The great fishing scam begins

Call is fate, call it a disaster but my freshwater aquarium is no more. Last night whilst cleaning up the study with my wife, I managed to move the table the ~1 metre (3 foot) tank sat on, just enough to crack it right down the back. A few expletives were uttered, towels flew around my study like a tornado in hotel laundry and the fish went to swim with ducks in the pond out back. More likely, the fish made an exotic treat for one of the many eels or tortises living in the pond. But I digress; the fate of the fish was sealed when the tank cracked, sucks to be them.

Consequently, today I went out and hunted down a good price on a new 1.2 metre (4 foot) tank and stand to replace the broken one. It will live in the lounge room, not the study from now on. So with no fish stock to keep, and a box full of good tank gear, such as heaters, power heads, timers and canister filters (1200L/hr!) and lights I've made a decision. The next tank will contain my first attempt at keeping a marine (salt water) ecosystem. I've considered this a number of times in the past, but never been in a situation where I could justify the sacrifice of all the fresh water fish I already had. Every time the tank was nearly depleted of fresh-water fish, I'd chicken out and restock with more fish...thus perpetuating the cycle.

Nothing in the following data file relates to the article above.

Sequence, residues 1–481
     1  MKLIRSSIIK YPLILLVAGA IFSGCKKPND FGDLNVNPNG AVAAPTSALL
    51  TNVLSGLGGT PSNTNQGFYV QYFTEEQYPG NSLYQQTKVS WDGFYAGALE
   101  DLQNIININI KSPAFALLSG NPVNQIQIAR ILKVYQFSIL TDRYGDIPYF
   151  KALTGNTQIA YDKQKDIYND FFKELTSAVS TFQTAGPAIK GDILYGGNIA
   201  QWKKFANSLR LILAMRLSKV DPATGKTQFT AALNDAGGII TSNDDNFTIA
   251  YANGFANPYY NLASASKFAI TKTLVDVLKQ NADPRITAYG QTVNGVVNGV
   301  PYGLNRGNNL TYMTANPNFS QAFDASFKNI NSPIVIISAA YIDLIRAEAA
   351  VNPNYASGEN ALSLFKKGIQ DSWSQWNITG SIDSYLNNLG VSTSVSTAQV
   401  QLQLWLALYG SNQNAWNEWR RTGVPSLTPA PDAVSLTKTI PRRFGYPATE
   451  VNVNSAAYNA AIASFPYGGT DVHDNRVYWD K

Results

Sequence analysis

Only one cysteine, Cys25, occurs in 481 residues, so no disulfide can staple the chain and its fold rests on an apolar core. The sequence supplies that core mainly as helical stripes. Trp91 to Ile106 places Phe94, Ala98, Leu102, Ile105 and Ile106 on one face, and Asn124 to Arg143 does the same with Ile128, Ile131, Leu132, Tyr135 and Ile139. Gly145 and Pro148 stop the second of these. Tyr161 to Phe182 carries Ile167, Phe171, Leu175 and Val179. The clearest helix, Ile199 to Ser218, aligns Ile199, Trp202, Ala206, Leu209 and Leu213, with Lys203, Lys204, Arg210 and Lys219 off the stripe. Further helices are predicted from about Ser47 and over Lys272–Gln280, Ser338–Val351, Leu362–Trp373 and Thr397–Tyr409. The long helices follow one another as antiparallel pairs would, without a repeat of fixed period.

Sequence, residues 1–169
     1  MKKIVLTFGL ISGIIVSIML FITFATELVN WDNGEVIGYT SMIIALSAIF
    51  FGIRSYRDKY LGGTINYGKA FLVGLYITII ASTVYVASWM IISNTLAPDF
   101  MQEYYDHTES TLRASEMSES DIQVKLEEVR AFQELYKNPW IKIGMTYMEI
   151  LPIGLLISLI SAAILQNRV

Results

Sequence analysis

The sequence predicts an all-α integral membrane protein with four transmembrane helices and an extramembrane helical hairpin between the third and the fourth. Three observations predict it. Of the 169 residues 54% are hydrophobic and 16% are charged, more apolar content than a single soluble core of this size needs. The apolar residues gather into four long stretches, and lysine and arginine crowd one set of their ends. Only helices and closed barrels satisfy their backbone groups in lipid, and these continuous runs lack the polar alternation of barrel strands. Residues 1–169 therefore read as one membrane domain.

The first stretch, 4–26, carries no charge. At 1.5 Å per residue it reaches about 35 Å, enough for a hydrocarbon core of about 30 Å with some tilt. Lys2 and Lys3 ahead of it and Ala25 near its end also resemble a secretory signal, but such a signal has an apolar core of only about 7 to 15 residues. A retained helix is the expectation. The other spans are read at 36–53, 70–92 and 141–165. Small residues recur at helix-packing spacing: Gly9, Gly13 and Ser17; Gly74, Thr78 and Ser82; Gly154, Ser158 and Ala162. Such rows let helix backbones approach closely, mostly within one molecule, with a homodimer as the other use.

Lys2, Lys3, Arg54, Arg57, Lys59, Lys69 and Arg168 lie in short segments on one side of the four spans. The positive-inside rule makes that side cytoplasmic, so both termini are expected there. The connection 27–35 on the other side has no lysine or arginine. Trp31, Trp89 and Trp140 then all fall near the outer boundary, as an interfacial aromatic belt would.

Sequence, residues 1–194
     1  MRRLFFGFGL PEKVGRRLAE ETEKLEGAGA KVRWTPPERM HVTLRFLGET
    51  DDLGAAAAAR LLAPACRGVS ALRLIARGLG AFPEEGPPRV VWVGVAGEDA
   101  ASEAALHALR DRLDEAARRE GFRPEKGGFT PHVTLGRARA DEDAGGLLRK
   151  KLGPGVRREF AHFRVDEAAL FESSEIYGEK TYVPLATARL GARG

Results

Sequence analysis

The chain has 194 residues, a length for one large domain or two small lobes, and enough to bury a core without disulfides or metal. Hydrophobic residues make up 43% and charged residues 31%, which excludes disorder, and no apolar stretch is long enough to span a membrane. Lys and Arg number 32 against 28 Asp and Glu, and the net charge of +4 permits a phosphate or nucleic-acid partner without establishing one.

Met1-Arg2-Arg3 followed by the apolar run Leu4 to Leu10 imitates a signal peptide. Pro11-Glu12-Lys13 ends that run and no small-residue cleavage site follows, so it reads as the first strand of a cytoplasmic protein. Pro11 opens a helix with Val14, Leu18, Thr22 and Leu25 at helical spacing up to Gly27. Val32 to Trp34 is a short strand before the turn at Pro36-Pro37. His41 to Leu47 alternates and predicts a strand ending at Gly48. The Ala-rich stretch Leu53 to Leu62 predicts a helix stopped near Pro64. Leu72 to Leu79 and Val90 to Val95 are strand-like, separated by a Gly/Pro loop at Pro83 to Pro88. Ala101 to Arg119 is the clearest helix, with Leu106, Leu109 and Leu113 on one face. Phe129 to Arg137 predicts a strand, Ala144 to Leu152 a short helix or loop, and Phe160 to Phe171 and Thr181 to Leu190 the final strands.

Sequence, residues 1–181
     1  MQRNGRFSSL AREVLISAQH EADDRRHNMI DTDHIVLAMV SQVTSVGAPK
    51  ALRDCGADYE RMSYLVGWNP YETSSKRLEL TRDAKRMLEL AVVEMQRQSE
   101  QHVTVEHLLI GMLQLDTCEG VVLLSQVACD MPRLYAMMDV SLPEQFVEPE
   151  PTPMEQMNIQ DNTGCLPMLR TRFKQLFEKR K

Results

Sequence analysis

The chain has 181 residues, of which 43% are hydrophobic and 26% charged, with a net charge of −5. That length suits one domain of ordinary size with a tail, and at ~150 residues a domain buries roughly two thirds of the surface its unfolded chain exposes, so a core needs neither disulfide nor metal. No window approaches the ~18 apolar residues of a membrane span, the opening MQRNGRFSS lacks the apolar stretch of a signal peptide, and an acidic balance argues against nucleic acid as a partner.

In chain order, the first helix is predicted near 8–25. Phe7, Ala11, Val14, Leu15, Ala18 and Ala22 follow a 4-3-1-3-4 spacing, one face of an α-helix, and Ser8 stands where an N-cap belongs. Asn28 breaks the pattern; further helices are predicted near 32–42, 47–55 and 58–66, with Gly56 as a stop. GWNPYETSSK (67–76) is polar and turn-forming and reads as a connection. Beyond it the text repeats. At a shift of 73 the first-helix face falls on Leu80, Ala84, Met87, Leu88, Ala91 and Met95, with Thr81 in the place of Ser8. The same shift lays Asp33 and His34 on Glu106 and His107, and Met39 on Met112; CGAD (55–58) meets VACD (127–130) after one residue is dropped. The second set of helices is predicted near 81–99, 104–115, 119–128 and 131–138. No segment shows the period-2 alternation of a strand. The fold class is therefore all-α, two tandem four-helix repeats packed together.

After all the reading I've done the plan going forward is a simple one that according to the literature will result in a simple, stable and visually appealing tank.

  1. Get new tank (done) and clean all bio-matter from the old equipment (yuck...but necessary).
  2. Assemble the canister filter, protein skimmer and power heads etc.
  3. Put in a sand bed about 4-5cm thick and fill with salt water.
  4. Add live rock once the salt and pH are right.
  5. Watch the NH3/NO2/NO3 levels until the NO3 is close to or equal zero and the NO2 and NH3 levels are zero ( this can take weeks to months)
  6. Add some soft corals and maybe upgrade the lighting to accommodate it.
  7. Again, watch the NH3/NO2/NO3 levels like a hawk and if all is good, add 2-3 crustacians ( Lysmata amboinensis) and a small algae eating fish (Salarias fasciatus)
  8. All going well, after a week or two, I should be able to introduce some more exotic fish like a pair of clowns and maybe a blue tang.

All things being equal, this process will probably take 4-5 months. But as they say in the field of marine tanks: nothing good happens quickly! So, expect some photos, and a few updates in the coming weeks as I put all this together. According to the best advice I can find, the new tank will be about 90 USGallons, and should be able to accommodate 4.5 inches of fish stock. So that's either one fish 4.5in long, or 4 1in fish with a pygmy 0.5in fish. Not a lot of fish for a "fish tank" but in a marine tank, the corals, invertebrates and other organisms are almost as interesting, if not more so, than the fish alone. Stay tuned!

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